A group of Quebec influencers and reality show stars could be facing thousands of dollars in fines after videos surfaced showing them partying without masks on board a Sunwing flight from Montreal to Cancun.
Images from the Dec. 30 flight showed passengers ignoring public health measures, jumping and dancing in the aisle, vaping and openly passing around a bottle of hard liquor on the plane. In one video, a person could be seen crowd-surfing while the plane was in the air.
The federal government released a statement Tuesday, saying the departments of Transport, Public Safety and Health have all launched investigations into the incident.
There could be fines of up to $5,000 from Transport Canada for each offence on board, it said.
Additional fines and even jail time could follow if passengers were found to be endangering others, or if they provide falsified information upon their return to Canada.
‘Slap in the face’
Prime Minister Justin Trudeau said Wednesday he was “extremely frustrated” seeing the videos.
“It is a slap in the face to see people putting themselves, putting their fellow citizens, putting airline workers at risk by being completely irresponsible.”
He said Transport Canada is taking the situation “extremely seriously” and would be continuing its investigation.
CBC News reached out to several of the people seen on the flight, but has not yet received a response.
The plane was privately chartered by 111 Private Club, a promoter that organized the six-day, all-inclusive event in Cancun. In its advertising for the event, the promoter had claimed the plane would have a DJ.
James William Awad, who operates the company, tweeted Tuesday that the group “respected all instructions given by Sunwing” and that the alcohol was sold to them on board, calling the event a “success.”
He later posted another tweet, saying he is taking the matter “very seriously.”
“A simple party on a plane did all this buzz,” he wrote, noting he would “take a moment” to rethink everything.
First passengers return to Montreal after cancelled flight
The group was scheduled to return to Montreal Wednesday. Sunwing said it reached out to the organizers with terms and conditions for them to board their return flight.
“Unfortunately, the group did not accept all of the terms,” it said in a statement to CBC News.
Awad, the organizer of the event, released a statement Thursday, saying he agreed to most of Sunwing’s terms, including paying out-of-pocket for security staff to be present on the plane.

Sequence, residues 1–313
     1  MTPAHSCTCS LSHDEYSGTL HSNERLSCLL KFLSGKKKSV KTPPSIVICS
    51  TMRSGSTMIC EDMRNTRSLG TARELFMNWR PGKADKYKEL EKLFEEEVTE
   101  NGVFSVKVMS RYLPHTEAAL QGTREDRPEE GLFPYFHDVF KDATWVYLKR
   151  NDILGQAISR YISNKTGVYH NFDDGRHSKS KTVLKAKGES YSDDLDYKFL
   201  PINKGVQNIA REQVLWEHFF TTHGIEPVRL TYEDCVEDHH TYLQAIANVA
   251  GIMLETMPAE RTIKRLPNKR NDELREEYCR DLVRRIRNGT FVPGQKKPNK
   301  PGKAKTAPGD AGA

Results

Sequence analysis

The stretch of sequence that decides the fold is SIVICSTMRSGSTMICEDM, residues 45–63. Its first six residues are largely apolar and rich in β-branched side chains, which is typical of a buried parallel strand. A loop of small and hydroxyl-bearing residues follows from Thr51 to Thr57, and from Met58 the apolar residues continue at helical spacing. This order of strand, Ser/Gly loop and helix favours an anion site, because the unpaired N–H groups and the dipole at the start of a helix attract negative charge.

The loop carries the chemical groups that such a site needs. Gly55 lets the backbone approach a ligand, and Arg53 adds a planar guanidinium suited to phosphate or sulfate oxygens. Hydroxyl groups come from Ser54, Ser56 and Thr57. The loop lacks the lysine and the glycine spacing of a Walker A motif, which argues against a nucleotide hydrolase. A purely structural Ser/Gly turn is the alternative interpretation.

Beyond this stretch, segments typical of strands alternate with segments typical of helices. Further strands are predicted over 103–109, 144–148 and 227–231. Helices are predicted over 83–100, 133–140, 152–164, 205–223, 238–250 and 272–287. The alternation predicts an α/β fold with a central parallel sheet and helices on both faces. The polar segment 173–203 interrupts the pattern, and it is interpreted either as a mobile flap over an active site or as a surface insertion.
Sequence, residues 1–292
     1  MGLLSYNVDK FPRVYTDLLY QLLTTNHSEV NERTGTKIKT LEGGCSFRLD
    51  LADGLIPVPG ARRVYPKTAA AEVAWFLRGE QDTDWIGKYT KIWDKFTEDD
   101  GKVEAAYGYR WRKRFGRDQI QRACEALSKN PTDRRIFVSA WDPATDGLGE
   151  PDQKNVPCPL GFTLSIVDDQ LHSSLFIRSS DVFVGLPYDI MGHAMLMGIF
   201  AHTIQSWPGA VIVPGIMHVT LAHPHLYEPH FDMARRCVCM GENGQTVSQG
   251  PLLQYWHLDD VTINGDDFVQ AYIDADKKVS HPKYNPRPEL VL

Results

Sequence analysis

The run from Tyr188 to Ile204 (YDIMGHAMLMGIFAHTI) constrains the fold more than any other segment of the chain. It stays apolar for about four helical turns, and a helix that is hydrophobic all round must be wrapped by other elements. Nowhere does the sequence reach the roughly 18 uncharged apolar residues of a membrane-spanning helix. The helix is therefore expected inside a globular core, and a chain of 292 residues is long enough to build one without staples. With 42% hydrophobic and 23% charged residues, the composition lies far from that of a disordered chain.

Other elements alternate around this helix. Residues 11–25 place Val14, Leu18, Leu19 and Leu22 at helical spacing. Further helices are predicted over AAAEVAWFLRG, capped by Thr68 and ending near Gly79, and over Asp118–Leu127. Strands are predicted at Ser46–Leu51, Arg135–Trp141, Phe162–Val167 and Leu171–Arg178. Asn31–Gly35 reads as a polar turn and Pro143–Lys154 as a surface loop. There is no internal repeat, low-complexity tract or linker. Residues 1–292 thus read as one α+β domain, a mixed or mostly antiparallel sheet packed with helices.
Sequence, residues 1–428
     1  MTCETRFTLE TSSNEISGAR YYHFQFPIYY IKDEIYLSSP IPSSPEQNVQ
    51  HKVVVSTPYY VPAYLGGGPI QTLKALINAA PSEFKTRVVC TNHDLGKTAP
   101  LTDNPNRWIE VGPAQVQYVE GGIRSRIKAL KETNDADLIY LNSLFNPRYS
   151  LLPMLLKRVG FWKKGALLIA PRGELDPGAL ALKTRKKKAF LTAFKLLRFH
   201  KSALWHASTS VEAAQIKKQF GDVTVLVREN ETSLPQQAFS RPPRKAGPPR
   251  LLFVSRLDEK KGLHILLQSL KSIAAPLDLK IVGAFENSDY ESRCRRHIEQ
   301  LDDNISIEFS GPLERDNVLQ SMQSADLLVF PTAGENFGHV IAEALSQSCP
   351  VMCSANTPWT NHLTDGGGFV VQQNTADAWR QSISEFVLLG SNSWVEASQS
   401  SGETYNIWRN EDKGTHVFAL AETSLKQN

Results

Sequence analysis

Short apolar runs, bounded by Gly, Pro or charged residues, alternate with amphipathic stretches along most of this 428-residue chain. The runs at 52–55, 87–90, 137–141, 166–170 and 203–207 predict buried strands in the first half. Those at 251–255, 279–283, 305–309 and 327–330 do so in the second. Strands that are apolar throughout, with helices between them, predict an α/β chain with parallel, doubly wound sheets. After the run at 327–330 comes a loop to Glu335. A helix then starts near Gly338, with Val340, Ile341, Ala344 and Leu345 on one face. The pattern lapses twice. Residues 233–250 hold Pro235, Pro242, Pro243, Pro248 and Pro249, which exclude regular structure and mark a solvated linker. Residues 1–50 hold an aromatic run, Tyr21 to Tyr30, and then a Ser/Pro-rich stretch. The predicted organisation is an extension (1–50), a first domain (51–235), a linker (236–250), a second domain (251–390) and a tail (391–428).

“I assured them every measure would be followed, but we couldn’t conclude an agreement because Sunwing refused to provide meals to the group for a [five-hour] flight,” he wrote.
Sunwing then cancelled the return flight. Air Transat and Air Canada followed suit, releasing statements saying that the implicated passengers would be denied boarding on their flights.
However, Air Canada confirmed to CBC News Thursday that it didn’t receive a copy of the Sunwing flight’s manifest, which made it “difficult” to identify those who were on the flight.
“To the extent that we can identify the passengers who were part of the group, we are denying boarding to ensure the safety of other passengers and our crews,” it confirmed.
Air Canada said that 15 people were denied boarding Wednesday, and another four were denied on Thursday morning.
About 15 of the passengers managed to return to Montreal Wednesday night. They were detained by border services officers for about two hours before being released.
Awad wrote that the airline companies were refusing them service “based on presumptions” and that his company is “working tirelessly to get everyone back home safely as quickly as we can.”
Danger to plane, crew
Aviation experts say the behaviour on the plane was not only violating pandemic public health measures, but risked the safety and security of those onboard.
Mehran Ebrahimi, who heads an aerospace industry research unit at the University of Quebec at Montreal, pointed to the vaping on board as an example.
“That could set off the fire alarms, which could be very dangerous. It would signal a fire aboard, and the captain wouldn’t know where it was from,” he explained.
“These people think because they paid, because they’re pseudo-influencers, they think they can do whatever they want,” Ebrahimi said.
According to the federal government’s statement about the flight, someone found guilty of endangering the lives of others and causing harm could face up to three years in prison and up to $1 million in fines.
Hans Obas, a former pilot and aviation security researcher, wondered why the pilot didn’t ground the plane once the party got out of hand.
“[They could] remove those passengers, to be able to continue with those ones that are respecting the rules and want to do it,” he said. “Or, just end the flight.”
Rena Kisfalvi, president of the Canadian Union of Public Employees local that represents about 1,000 Sunwing flight attendants, called for strict consequences.
“These passengers who do not comply [with regulations], will they be charged? Will they be denied boarding in the future? Are they being placed on a no-fly list?” she asked.
“Maybe we, as a government, need to take this step to tell the travelling public: ‘look, we’re serious here.'”